Songs of freedom: The enduring popularity of Warsaw Uprising songs

Thousands turn out every year to sing songs from the Warsaw Uprising Tomasz Gzell/PAP

On the hot summer night of August 1st, at 8 o’clock p.m., on the 74th anniversary of the Warsaw Uprising, Varsovians gathered in Piłudski Square, in the centre of the Polish capital, to listen and sing along to songs that accompanied the freedom fighters in 1944.

The annual concert, called, in English, ‘The Residents of Warsaw sing (un)forbidden songs’, has become something of a tradition, with this year seeing the Polish president Andrzej Duda joining in as thousands belted out evergreens from the Warsaw Uprising songbook.

The battle songs, more than 70-years-olds and conceived mostly during the first days of Warsaw Uprising, form a vital part of Polish popular culture. There are very few people in Poland who aren’t familiar with the music and lyrics of rousing Uprising anthems such as Warszawskie dzieci (Children of Warsaw), Pałacyk Michla (Michler’s Palace) or Marsz Mokotowa (Mokotów’s March).

But these war songs weren’t exclusively about fighting. They were also an expression of hope for a regained freedom following five years of horrific Nazi German occupation.

Over the years the songs have been covered countless times by different artists. But it was at the beginning of the 21st century that they really began to take off.

Songs from the Uprising have resonance with both young and old.Tomasz Gzell/PAP

The breakthrough was a record from a then relatively unknown Polish rock group from the town of Płock, called Lao Che. In 2003, they released an album called, unpretentiously, “Powstanie Warszawskie” (Warsaw Uprising). In contrast to its simple title, however, the content and structure was more sophisticated. This wasn’t just a set of songs about the Warsaw Uprising, it was a thoughtfully-constructed concept album reminiscent of a radio play or drama.

The lyrics veered away from repeating the same old battle themes of the original songs, instead becoming deeply immersed in the context of Polish culture. Accompanied by a heavy punk rock-style backdrop, the band created an explosive expression of both then and now, winning awards and cementing their place in the history of modern Polish music and culture.

Other concept albums were to follow. In 2009 the Warsaw Uprising Museum itself released an album entitled “Gajcy!”. In contrast to Lao Che’s album, “Gajcy!” was a compilation of songs performed by various big names on the Polish music scene including Kazik, Dezerter and Lech Janerka. What connected the songs were that the lyrics all came from the wartime poet Tadeusz Gajcy, a member of the Polish resistance who was killed during the Warsaw Uprising at the age of 22.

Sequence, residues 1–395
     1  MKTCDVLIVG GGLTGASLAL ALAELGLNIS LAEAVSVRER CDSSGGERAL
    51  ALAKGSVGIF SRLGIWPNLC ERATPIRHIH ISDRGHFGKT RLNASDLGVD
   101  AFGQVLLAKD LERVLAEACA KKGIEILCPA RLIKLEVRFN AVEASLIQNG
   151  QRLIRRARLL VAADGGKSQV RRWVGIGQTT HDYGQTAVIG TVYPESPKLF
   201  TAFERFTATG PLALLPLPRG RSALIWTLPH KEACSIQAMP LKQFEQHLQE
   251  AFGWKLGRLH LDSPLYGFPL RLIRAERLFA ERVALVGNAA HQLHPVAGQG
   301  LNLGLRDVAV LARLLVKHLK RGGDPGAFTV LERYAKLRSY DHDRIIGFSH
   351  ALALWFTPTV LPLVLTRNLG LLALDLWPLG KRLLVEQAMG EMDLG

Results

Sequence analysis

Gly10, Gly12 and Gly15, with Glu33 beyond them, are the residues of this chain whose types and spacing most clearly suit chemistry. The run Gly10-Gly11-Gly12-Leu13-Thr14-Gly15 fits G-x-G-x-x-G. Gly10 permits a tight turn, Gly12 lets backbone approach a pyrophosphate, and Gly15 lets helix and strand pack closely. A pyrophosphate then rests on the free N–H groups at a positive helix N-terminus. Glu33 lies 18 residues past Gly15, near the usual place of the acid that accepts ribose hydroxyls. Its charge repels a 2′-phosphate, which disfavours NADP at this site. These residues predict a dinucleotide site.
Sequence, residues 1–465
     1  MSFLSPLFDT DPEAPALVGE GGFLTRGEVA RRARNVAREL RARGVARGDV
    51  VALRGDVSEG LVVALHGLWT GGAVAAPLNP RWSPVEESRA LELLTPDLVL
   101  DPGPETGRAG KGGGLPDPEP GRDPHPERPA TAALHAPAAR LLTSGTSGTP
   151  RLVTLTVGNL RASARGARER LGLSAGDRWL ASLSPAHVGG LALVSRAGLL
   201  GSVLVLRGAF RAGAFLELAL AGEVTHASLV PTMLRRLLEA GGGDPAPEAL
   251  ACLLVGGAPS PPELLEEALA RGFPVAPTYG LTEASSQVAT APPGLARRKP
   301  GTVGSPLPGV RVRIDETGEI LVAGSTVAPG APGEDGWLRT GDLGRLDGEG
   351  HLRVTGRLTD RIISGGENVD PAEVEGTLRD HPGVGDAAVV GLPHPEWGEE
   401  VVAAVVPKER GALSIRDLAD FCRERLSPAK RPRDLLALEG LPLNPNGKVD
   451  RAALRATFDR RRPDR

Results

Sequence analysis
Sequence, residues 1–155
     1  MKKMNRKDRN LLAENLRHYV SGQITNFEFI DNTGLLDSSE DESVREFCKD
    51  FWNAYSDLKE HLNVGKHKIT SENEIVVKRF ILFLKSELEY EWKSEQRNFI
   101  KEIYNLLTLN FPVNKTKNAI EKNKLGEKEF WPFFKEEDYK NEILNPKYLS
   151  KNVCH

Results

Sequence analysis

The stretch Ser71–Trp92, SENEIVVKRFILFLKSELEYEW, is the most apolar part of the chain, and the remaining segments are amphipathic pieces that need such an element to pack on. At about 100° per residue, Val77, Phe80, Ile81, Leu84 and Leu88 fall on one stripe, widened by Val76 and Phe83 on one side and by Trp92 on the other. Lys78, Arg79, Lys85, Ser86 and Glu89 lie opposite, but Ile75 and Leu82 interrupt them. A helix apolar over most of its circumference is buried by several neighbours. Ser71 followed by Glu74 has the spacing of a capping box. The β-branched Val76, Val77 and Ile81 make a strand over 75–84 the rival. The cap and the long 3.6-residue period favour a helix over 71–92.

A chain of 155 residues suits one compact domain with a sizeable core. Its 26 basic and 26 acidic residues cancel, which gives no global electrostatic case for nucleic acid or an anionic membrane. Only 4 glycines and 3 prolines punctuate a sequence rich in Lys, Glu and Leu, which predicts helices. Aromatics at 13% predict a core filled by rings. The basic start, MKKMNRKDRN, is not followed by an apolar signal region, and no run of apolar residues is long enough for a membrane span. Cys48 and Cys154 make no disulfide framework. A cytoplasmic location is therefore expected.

In 2012 the museum released another concept album, this time a reggae album, entitled “Morowe Panny” (which loosely translated means Groovy Girls). Conceived by Polish reggae master Dariusz Malejonek, he brought together some of Poland’s leading female singers to create a series of songs about the role of girls and young women in the Warsaw Uprising. The outcome was an unparalleled musical blend of reggae, folk and hip-hop with lyrics mixing the times of the Uprising with today’s reality.

Muzeum Powstania Warszawskiego

A string of Polish hip-hop artists soon followed with their take on the Uprising. Most notable are O.S.T.R with “Dziś idę walczyć, mamo!” (“I am going to fight today, mother”), Hemp Gru with “63 dni chwały” (English: 63 Days of Glory) and “Pierwszy sierpnia” (“First of August”) who joined forces with the traditional Warsaw urban folk band Kapela Czerniakowska, to bring together a blend of both musical styles and cultural contexts.

Agencja Muzyczna Polskiego Radia

It’s not only in Poland that the Warsaw Uprising has been commemorate in song, however. Several foreign bands including Sweden’s Marduk and Sabaton, Germany’s Heaven Shall Burn and the Dutch band Hail of Bullets have recorded numbers dedicated to the events of August 1944.

Possibly the most standout example would be from Slovenia’s industrial music band Laibach. In 2014, on the 70th anniversary of Warsaw Uprising, they made a mini-album “1 VIII 1944. Warszawa”. The album was sponsored, and officially approved by Poland’s Ministry of Culture and National Heritage.

Narodowe Centrum Kultury